On Wednesday, the S&P 500 closed at 1,092, up 1.8% on the day. Yesterday was a melt up day for the S&P 500 on a big sequential acceleration in volume. This is bullish as trade and TRADE and TREND are positive. Of all the positive dynamics at work yesterday the earnings calendar seemed to take center stage, with JPM, INTC, ALTR and CSX leading the way with better than expected results.
The MACRO calendar also offered a positive tone to the market as retail sales fell 1.5% month-to-month in September vs consensus expectations for a 2.1% decline. The sequential decline is a function of the expiration of the cash-for-clunkers program, as sales at auto dealerships fell 10.4% month-to-month. Excluding autos, sales were up 0.5% vs consensus expectations for a 0.2% increases, while core retail sales - which excludes autos, gasoline and building materials - rose 0.5% last month following a 0.7% increase in August.
Yesterday’s portfolio activity included shorting CCL. Todd Jordan and Keith have been waiting, patiently, on price to re-short this levered name of over-capacity as we head into 2010's consumer spending headwinds. We also shorted NKE; Brian McGough and Keith will take the other side of today's bulled up GS call. For the immediate term TRADE, NKE is a short at this price.
Bell weather investment bank Goldman Sachs’ reported earnings this morning and metrics across the board were broadly better than expected. The stock in the pre-market is down just over three percent, which implies that the “whisper” expectations were higher than consensus estimates. This was to be expected give the massive move Goldman’s stock price in the year to date, and specifically over the last few months. Expectations, as always, are the root of all heartache as the futures and Goldman are now reflecting.
The momentum behind the “currency creditability crisis” continued to weigh on the dollar index, which fell for a third straight session, finishing down 0.7%. The VIX declined for the eighth straight day (0.6%) and is now down 43% year-to-date, which a more rational and tighter ranged market.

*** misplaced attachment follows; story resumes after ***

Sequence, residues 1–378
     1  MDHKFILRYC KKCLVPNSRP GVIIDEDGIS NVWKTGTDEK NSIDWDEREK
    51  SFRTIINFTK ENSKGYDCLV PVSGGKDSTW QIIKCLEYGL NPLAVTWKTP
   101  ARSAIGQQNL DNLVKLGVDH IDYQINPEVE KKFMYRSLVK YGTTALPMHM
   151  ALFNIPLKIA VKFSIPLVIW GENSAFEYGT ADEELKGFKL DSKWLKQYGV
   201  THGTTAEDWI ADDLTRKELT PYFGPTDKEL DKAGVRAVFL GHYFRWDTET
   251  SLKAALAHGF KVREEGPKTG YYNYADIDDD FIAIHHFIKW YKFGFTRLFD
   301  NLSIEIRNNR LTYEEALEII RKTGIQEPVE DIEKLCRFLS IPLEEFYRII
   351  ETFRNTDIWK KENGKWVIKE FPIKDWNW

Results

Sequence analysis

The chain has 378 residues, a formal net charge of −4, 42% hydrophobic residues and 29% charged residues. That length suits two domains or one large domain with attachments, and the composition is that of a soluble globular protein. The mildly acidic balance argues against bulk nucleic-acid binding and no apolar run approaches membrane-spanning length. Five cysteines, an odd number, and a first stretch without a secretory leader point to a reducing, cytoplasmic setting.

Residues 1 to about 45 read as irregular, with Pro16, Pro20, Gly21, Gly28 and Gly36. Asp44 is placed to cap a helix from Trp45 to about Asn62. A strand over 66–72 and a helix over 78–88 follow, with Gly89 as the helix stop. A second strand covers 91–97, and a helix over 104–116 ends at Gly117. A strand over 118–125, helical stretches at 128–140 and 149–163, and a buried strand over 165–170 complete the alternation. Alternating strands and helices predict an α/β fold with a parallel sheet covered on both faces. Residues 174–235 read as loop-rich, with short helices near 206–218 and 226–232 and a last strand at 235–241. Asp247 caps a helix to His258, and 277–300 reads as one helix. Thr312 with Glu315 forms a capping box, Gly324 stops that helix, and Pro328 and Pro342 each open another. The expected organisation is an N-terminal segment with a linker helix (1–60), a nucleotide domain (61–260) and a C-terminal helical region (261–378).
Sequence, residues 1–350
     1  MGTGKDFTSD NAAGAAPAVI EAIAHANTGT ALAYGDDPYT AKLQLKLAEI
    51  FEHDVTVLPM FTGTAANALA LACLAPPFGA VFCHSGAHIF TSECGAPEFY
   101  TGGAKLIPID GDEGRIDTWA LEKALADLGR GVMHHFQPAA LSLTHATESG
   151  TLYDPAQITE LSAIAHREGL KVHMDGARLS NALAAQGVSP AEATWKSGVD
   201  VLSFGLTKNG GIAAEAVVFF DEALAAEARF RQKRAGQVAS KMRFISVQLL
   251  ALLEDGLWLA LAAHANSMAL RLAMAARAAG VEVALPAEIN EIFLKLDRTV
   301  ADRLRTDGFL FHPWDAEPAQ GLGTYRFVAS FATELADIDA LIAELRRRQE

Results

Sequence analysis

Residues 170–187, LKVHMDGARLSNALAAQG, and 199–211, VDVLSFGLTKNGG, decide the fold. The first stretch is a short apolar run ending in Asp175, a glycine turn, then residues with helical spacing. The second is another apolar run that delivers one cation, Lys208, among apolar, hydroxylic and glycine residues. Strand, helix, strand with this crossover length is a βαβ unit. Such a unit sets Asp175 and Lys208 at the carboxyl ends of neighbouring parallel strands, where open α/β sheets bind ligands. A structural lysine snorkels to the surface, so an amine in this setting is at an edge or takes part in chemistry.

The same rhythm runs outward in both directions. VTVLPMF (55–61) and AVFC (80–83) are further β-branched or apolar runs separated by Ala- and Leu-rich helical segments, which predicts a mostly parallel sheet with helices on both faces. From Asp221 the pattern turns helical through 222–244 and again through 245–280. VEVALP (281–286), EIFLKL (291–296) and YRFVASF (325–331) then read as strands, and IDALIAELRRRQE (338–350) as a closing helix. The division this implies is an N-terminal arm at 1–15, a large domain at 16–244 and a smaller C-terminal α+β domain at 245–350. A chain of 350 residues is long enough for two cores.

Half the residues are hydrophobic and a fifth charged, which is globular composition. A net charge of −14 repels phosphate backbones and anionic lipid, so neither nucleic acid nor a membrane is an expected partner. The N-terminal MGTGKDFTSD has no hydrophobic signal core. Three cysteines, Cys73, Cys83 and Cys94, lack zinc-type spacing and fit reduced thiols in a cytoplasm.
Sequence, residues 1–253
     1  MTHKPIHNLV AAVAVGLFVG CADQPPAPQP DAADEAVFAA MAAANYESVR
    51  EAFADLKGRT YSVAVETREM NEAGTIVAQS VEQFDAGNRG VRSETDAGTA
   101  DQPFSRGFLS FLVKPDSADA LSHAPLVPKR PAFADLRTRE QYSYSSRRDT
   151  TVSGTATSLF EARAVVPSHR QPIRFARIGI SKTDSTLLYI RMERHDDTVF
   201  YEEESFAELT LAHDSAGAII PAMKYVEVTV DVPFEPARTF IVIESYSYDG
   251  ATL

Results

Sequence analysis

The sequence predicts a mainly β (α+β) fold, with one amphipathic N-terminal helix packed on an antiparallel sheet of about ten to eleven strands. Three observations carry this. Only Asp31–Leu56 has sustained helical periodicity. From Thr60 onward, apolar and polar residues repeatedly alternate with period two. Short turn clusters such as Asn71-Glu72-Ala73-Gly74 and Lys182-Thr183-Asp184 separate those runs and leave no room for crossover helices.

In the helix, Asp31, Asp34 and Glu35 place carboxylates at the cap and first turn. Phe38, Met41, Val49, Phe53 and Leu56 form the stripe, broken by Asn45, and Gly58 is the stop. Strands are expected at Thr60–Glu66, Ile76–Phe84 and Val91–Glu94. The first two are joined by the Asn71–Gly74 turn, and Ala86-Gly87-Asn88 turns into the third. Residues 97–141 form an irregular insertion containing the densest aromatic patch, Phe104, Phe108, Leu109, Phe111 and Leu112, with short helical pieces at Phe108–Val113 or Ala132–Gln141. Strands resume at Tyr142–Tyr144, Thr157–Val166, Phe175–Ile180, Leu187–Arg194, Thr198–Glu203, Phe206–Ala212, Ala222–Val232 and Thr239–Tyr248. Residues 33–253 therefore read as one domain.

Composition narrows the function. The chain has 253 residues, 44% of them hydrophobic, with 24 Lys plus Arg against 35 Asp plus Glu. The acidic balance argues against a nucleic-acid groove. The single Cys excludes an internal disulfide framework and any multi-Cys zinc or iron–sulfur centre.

It’s being reported today by RealtyTrac that U.S. properties subject to foreclosure filings totaled nearly 938,000 in 3Q09, up 23% year-over-year and up 5% sequentially. Yesterday the FED released the details of the September meeting and the notes "expressed considerable uncertainty about the likely strength of the upturn in the economy once those stimulus supports were withdrawn or their effects waned." In particular, the housing “needs to get back on stronger footing for the national economy to return to full health.” The housing market has firmed up, helped by low mortgage rates and an $8,000 tax credit for first-time home buyers. The remaining question is the fate of the tax credit that is scheduled to expire at the end of November.
Yesterday, only three sectors outperformed the S&P 500. The three best performing sectors were Financials (XLF), Industrials and Materials (XLB), while Utilities (XLU), Consumer Staples (XLP) and Technology (XLK) were the bottom three.
Today, the set up for the S&P 500 is: TRADE (1,061) and TREND is positive (996). Day 4 of perfection - the Research Edge quantitative models have 9 of 9 sectors in the S&P500 positive on TREND and 9 of 9 sectors are positive from the TRADE duration.
The Research Edge Quant models have 1% upside and 3% downside in the S&P 500. At the time of writing the major market futures in the U.S. were trading down small on the back of Goldman Sachs’ earnings.
The Research Edge MACRO team.